“Coming out of the pandemic, I was searching for a place I could find that sense of community, camaraderie, growth,” says Loewinsohn. “From something that was trying to bury us in isolation, dragon boat was the exact opposite: warm, welcoming, encouraging.”

Loewinsohn was hooked. He started learning more about the sport, traveling to races and training camps in other states, and working with his team to get stronger.

Ryan Loewinsohn celebrating with his competitors after a race. Photo by Joe Mahoney / Special to The Colorado Trust

Jeff Dang credits dragon boating with helping him survive COVID-19, too—in a more literal way.

Dang has been competing and coaching since college, when he discovered dragon boating as a student at the University of Colorado Denver. In 2018, he co-founded the Colorado Dragon Boat Alliance, an organization that provides training opportunities to local teams.

Just a few weeks before a coronavirus vaccine became available in 2021, Dang became very ill with COVID-19. He was intubated and comatose for four weeks. When he woke, he couldn’t walk. His doctors told him that he had lost two thirds of his muscle mass.

“I thought I would be a potato for the rest of my life,” Dang says. But the dragon boat community showed up for him. People he knew well and others he’d barely met came around with piles of food and support.

“Imagining myself coaching again was what pushed me through—knowing I wasn’t done with the sport,” he says. “The community and family part of it all helped pull me through a lot of darkness.”

Dang says he’s stronger now than he was before COVID-19. In 2022, he founded a new team called RPT, short for Relentless Positive Thinking.

Jeff Dang, center, leads RPT in a cheer before Saturday’s races. Photo by Joe Mahoney / Special to The Colorado Trust

All that positive thinking seems to have paid off on Sunday. RPT won bronze in the premier division of the 200-meter race, edging out Nichi-Bei-Go in a photo finish during a key heat.

Dragon boats have existed for centuries as part of folk celebrations in China commemorating a virtuous poet who lived more than 2,000 years ago. But its modern, racing form was more or less invented by the Hong Kong Tourism Board in the late 1970s, according to the International Dragon Boat Federation. The Hong Kong boats are powered by 20 people, paddling in sync to a drummer at the dragon’s head and with another person steering at its tail.

The sport has taken off dramatically since then. There are now teams in 60 countries. Dragon boating premiered as a demonstration event at the 2020 Tokyo Summer Olympics, a possible first step in becoming an Olympic and Paralympic sport.

For plenty of dragon boat athletes, it’s the sport itself that keeps them showing up.

“I’m very competitive in nature,” says Michael Boyd, who first put together a dragon boat team as a fundraiser in 2003. “For 20 years, I did taekwondo. But you get to a certain point when you can’t do high kicks. [In dragon boat], there are people still competing in their 90s. You can do it at a competitive level for ages.”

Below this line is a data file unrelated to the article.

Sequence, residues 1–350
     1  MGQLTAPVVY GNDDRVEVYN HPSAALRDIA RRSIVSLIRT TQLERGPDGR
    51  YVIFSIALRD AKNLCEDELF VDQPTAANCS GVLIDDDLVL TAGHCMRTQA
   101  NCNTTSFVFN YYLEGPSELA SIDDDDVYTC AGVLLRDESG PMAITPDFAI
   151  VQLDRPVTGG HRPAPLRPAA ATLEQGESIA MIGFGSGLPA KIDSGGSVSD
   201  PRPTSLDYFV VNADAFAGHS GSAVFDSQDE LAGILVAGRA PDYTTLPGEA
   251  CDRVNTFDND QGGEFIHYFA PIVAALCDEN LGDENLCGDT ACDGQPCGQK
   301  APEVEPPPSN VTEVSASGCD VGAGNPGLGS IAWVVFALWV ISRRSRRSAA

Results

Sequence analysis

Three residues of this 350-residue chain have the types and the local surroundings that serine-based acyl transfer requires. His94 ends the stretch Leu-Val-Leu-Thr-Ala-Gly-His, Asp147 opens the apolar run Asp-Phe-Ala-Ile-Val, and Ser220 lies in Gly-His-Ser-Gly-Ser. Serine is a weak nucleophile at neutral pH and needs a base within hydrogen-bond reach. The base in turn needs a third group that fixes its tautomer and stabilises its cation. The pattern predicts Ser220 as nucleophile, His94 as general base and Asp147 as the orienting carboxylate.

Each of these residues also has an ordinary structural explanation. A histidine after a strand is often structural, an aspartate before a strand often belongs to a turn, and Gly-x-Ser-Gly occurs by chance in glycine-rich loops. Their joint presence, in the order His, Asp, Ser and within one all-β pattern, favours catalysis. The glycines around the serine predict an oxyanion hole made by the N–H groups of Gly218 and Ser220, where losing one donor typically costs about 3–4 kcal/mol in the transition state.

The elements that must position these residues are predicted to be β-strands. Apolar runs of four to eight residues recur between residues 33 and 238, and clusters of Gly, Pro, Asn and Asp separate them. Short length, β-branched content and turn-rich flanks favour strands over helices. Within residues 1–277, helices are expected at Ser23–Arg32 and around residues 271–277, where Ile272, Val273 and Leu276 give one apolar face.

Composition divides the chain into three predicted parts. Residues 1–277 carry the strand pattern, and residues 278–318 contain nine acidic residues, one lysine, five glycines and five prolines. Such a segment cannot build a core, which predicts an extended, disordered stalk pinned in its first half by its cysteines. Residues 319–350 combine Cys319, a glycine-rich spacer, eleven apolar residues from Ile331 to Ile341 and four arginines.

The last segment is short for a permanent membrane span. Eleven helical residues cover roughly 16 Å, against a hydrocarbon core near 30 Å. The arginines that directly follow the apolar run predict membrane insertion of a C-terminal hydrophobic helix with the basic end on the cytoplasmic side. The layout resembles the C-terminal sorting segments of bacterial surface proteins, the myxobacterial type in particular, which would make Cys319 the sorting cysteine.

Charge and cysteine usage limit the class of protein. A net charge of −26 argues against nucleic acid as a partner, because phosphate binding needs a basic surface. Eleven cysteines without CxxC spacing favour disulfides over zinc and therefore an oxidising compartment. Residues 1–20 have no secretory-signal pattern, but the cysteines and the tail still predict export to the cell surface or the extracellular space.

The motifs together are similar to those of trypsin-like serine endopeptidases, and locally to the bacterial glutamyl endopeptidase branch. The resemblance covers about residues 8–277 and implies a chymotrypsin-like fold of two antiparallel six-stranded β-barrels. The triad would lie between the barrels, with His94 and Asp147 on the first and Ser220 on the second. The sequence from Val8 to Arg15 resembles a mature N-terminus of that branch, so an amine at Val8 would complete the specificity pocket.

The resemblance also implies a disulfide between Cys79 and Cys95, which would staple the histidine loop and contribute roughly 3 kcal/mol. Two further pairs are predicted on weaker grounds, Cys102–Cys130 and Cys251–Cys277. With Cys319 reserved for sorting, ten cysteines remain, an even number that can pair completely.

In 2007, Boyd brought boats to Denver so that teams could practice before the event. Before that time, most teams were very casual, generally doing a loop in the lake in borrowed boats a day or two before the festival. Plenty of corporate teams paddling in the flag-catching boats at the festival remain casual in their approach to training, but other teams train year-round for the premier races. This year, the festival bought new Hong Kong boats for the competitive teams.

Boyd competed in the 60-and-over division in the dragon boat world championships in Thailand in 2019. He also leads the Phantom Dragons team, which won third place in the premier division of the 400-meter race on Saturday.

For Freddie Tsao, who captains the Agua Libre team, the sport’s connection to Asian culture is secondary to its other attributes. He likes how inclusive it is: it’s open to any gender, any age, almost any ability level. (Some of Denver’s most competitive teams race for Adaptive Adventures, in boats that accommodate various disabilities.) And the community aspect is important; Agua Libre is affiliated with Denver Language School, where his kids go to school.

“This is more of a team sport than football,” says Tsao, who played college football at Texas A&M. “Everybody’s doing the same thing. There’s no one person that stands out. Everyone’s in the limelight. You fail and succeed with everyone doing the same thing.”

Freddie Tsao at the stern of Agua Libre during a 400-meter race. Photo by Joe Mahoney / Special to The Colorado Trust

The sporting aspect of dragon boating has occasionally come into conflict with the festival’s mission of bringing together Asian American communities. Some of Colorado’s strongest dragon boaters didn’t attend this year’s festival because they were competing at a national championship in Sarasota, Fla. Boyd has sometimes been frustrated that organizers won’t consider holding the festival at a time when there are fewer conflicts—and less brutal heat.

But sticking to the original intent has also made the festival open to a lot of people with only a vague familiarity with or interest in dragon boats. “There’s truly something for everyone,” says VanDan.

On Saturday, its attendees included a group of Coloradans, most of them from South Korea and China, who had been adopted into white families as children. They meet monthly for Asian cultural events, food and movies.

“As an adult, I’m starting to reclaim my culture and my identity,” says Midnite Townsend, a member of the group. Seeing so many people who looked like her, especially as part of a group of adoptees with experiences similar to hers, meant a lot. “There are a lot of Asian organizations that I didn’t know about. It was really cool to see that there are pockets of us in the community.”

She’s thinking of doing more meet-ups with other Asian American groups locally, or learning traditional dances. The Intercountry Adoptees of Colorado even joked about forming a dragon boat team.

Hot Bamboo sold buns with cute faces. Photo by Joe Mahoney / Special to The Colorado Trust

I spent the festival in a collection of sweltering tents at the edge of the lake, trying to stay cool between races along with about three dozen other people: my teammates.

I joined Agua Libre in April, basically as an appealing way to get some exercise. Also, I was born in Hong Kong, and the idea of getting on a dragon boat offered a jolt of hometown pride. By the end of the weekend, I was filled with pride for Denver.

I’ll be there again next year. Before then, I need to perfect my technique and get stronger. We’re resuming practice in a couple of weeks.

The author’s team. Go Agua! Photo by Joe Mahoney / Special to The Colorado Trust

Kristin Jones

Freelance writer and editor
Denver, Colo.

See all stories by this author